, Volume 69, Supplement 2, pp 77–91 | Cite as

Can Improving Sleep Influence Sleep-Disordered Breathing?

Review Article


Sleep-disordered breathing (SDB) encompasses a group of disorders that include obstructive sleep apnoea (OSA), central sleep apnoea (CSA) and nocturnal hypoventilation. SDB commonly coexists with sleep disorders such as insomnia and restless legs syndrome, and sleep deprivation has been shown to play a role in the pathogenesis of SDB. Participants of a workshop, held at the 6th annual meeting of The International Sleep Disorders Forum: The Art of Good Sleep in 2008, evaluated whether the effective management of sleep disorders could result in a reduction in SDB. Following the workshop, a critical review of the literature in the field of sleep and SDB was conducted in order to assess the impact of improving sleep on SDB, and to determine whether measures taken to improve sleep result in a subsequent improvement in SDB. Results showed that studies evaluating the influence of improved sleep on respiratory abnormalities in patients with SDB are lacking. Studies in patients with OSA, with or without obesity-hypoventilation syndrome, show that therapy with continuous positive airways pressure and non-invasive ventilation improves sleep parameters with beneficial effects on SDB. Studies involving small numbers of patients have shown that the antidepressants fluoxetine and mirtazapine produce improvements in sleep parameters and the apnoea-hypopnoea index, and that acetazolamide may improve CSA. The benzodiazepines flurazepam, temazepam and nitrazepam, the hypnotic zolpidem, the melatonin receptor agonist ramelteon and gamma-hydroxybutyrate have all been shown to improve sleep, but are not associated with reductions or worsening in SDB. It is clear that there is a distinct knowledge gap with regard to the benefit of improving sleep disturbances for subsequent improvements in SDB. Randomized controlled clinical trials investigating the effect of pharmacological and non-pharmacological improvement of sleep disorders focusing on whether there is improvement in coexisting OSA/SDB are clearly needed. Furthermore, well-designed clinical trials investigating the role of hypnotic agents in improving SDB in certain phenotypes will enable the development of treatment recommendations for primary care physicians managing these patients in routine clinical practice.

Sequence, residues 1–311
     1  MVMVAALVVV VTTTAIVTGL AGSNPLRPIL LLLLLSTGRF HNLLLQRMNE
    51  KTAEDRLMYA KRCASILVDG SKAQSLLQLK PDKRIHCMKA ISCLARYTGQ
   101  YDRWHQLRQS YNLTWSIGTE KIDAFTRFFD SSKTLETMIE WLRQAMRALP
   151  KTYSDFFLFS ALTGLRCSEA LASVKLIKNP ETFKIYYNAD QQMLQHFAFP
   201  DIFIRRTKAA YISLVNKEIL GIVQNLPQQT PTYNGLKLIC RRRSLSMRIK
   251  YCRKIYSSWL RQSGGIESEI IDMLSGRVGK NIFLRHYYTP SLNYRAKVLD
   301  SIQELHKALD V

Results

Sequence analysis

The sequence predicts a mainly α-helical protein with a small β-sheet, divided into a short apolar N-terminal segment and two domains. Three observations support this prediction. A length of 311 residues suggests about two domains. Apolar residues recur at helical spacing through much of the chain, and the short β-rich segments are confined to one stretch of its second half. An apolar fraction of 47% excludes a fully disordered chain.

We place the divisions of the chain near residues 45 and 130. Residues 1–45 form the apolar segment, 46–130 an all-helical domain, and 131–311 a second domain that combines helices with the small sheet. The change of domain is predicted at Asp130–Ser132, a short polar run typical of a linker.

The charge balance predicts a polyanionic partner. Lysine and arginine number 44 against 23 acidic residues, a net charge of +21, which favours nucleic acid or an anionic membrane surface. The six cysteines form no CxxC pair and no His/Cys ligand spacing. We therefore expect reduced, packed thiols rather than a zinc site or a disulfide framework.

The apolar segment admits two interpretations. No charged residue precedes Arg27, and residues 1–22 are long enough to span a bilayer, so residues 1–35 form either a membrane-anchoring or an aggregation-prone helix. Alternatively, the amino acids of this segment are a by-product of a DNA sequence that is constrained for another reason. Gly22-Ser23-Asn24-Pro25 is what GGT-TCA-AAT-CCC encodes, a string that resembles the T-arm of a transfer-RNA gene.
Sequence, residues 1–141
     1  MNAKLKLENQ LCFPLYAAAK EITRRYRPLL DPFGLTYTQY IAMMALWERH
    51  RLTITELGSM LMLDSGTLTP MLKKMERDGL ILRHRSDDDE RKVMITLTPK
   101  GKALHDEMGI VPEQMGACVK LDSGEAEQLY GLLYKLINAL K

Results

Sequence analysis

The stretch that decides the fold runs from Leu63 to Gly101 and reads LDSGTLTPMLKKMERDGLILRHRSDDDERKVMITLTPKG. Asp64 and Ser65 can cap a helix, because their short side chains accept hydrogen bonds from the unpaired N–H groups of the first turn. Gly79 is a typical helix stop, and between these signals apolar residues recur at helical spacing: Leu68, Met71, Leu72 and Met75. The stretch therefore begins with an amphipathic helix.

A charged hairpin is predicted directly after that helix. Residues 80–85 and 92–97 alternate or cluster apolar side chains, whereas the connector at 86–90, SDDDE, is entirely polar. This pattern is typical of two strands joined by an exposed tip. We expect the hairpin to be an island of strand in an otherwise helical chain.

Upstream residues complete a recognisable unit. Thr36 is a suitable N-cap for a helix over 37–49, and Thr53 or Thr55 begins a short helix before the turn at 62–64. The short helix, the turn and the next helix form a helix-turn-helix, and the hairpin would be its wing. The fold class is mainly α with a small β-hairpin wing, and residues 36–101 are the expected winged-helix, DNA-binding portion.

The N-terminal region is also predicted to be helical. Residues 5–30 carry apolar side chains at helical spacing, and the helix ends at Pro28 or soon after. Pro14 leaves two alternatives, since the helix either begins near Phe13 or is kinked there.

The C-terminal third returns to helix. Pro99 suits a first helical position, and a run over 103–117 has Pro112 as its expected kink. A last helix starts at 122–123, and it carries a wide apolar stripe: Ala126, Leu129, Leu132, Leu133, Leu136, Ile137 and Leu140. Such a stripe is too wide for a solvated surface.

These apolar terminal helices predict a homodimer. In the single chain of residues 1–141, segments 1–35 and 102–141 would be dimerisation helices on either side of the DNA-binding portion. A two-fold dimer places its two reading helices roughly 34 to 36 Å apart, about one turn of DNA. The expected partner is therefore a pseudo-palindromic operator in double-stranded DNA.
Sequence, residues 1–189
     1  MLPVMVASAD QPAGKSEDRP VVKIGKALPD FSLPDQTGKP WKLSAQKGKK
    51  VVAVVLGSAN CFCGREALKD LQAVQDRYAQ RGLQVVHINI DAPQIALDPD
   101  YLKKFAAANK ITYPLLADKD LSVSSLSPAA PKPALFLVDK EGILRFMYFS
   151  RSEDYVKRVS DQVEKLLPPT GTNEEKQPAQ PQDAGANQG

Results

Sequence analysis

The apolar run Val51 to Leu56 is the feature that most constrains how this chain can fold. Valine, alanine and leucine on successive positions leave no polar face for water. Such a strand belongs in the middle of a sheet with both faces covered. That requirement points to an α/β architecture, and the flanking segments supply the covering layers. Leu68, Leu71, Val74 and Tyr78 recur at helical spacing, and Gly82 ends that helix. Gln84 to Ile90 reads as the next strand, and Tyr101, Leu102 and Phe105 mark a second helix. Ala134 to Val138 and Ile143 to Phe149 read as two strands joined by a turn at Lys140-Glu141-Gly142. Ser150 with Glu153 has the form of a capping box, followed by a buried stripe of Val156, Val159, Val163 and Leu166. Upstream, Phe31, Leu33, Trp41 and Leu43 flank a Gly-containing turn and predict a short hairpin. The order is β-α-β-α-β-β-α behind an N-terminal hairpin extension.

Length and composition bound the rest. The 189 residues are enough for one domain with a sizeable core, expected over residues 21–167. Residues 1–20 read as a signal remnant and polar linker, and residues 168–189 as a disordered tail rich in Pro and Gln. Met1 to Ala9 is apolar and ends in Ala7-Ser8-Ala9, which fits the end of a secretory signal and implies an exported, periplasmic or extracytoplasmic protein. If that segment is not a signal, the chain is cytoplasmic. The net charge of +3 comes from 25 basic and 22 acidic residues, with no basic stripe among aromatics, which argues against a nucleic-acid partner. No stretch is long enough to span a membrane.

The discussions that took place during a workshop at the 6th annual meeting of The International Sleep Disorders Forum: The Art of Good Sleep, held in 2008, contributed to the preparation of this article. The author would like to thank the following individuals who attended the workshop and contributed to the discussions that have informed the content of this article: Michel Billiard (France), Fabio Cirignotta (Italy), Martin Cohn (USA), Derk-Jan Dijk (UK), Diego Garcia-Borreguero (Spain), Ronald Grunstein (Australia), Gilles Lavigne (Canada), Liborio Parrino (Italy), Patrick Levy (France) and Peretz Lavie (Israel). The author would also like to thank Anna Battershill and Julian Martins from Wolters Kluwer Pharma Solutions for providing medical writing support in the preparation of this article. This assistance was supported by sanofi-aventis. The International Sleep Disorders Forum: The Art of Good Sleep 2008 was funded by sanofi-aventis.

Declaration of conflicts of interest: Frédéric Sériès declares no conflicts of interest, and received no honoraria for the writing of this paper.


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Authors and Affiliations

  1. 1.Centre de PneumologieInstitut Universitaire de cardiologie et de pneumologie de QuébecQuébecCanada

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